Costadolio Rosato IGT pairs well pasta and risotto dishes along with grilled and roasted fish. Best served chilled at 10°C.

Costadolio Rosato IGT | ©Tom Palladio Images  Costadolio Rosato IGT with Bean Soup | ©Tom Palladio Images

©The Palladian Traveler | ©Tom Palladio Images

TPT Borsalino 2014 Color |©Tom Palladio Images



Written by The Palladian Traveler

Tom traded his hometown St. Louis Cardinals' baseball cap in the United States for a Borsalino and he now hangs his "capello" in the Puglia region of southeastern Italy. A veteran print and broadcast journalist, with well-worn passports that have got him into and out of 50 countries and counting, Tom fell in love with the "Bel Paese" years ago. As he notes, "I'm inspired by the beauty I find in all things that are very, very old, and reliving history, or at least meandering along cobblestone streets that were laid down over a thousand years ago and just looking up and marveling at what occupies the space still today, really gets my 'Vespa' running." Tom has a good eye behind the lens and is a graphic storyteller, but he'll let you decide as he keeps his camera batteries fully charged and the posts flowing from his creative hideaway in the hills overlooking Ostuni. You can also follow his dispatches along the cobblestone via


  1. Despite your wonderful post, I’m not goin’ to be rushin’ to make this any time soon — the gas beans produces in me is just horrendous and seems to last for days! ‘Though I do like the association of the old-time black and white Westerns, which I loved. We too had that Saturday arvo’ experience in the local cinemas as young children, adding to it by rolling Jaffas (a local confection of chocolate balls with orange flavoured hard shell, much like fuller-sized M+Ms) underneath the seating; everybody did that, it was hilarious!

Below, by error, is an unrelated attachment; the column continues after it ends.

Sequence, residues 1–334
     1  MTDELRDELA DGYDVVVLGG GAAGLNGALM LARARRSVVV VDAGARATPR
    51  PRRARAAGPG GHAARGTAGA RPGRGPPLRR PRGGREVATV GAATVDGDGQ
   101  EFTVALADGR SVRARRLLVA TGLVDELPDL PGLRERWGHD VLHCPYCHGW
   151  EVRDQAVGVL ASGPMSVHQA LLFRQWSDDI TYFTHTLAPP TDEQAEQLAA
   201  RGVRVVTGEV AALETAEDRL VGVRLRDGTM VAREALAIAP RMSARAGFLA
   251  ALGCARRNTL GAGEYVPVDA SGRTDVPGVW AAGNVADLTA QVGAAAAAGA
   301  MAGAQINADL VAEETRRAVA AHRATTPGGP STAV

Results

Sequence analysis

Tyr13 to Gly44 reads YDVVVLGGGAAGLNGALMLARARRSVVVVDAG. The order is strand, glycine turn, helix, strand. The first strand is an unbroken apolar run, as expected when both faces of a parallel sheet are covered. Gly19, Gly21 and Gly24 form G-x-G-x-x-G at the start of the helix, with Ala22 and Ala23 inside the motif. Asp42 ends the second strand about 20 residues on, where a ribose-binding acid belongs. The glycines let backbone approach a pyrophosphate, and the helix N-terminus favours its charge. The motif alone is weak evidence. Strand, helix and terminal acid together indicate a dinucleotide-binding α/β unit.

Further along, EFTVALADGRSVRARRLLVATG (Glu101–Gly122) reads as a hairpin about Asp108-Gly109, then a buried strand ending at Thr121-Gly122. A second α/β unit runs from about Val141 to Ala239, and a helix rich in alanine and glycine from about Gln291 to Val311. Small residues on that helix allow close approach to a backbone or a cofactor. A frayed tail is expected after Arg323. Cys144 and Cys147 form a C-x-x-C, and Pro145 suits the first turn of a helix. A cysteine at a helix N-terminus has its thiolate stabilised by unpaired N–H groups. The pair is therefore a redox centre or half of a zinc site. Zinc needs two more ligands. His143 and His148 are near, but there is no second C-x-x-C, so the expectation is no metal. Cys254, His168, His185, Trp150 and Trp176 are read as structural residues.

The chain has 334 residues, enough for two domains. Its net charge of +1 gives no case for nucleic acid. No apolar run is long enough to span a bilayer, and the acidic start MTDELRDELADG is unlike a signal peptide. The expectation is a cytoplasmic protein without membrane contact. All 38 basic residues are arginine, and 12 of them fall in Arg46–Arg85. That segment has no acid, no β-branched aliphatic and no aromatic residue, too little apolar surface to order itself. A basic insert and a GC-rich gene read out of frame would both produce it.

1. Janina – You probably know the cooking secret when it comes to prepping beans: drop a bay leaf or two when cooking. It’s supposed to reduce or eliminate those gaseous urges later on. I’ll have to try rolling some round candy under the seat the next time I go to the cinema. 🙂


  2. I remember that scene used to get censored when they showed Blazing Saddles on tv when I was a kid, ie, I think they turned down the volume for all the farts and just had these cowboys sitting around the fire laughing. It didn’t really make sense at all.

    I might have to avoid the soup too. My minestrone – with beans and cabbage – is bad enough!


  3. Westerns & Beans – as American as Baseball & Apple Pie!
    I’ll try the bay leaf trick sometime.
    I have a Chicken Chili recipe with white beans that I make regularly and freeze. It’s my standby “whats for dinner” on those late work nights. Perfect for Cowboys on horses!


    1. MG – You need to share your Beans ‘n’ Chili recipe sometime. Add a few other types of beans – black and kidney – to add a bit more color and taste next time you whip up a batch of standby. And, if you come across Pasta e fagioli on the menu while you’re in Italy, order it.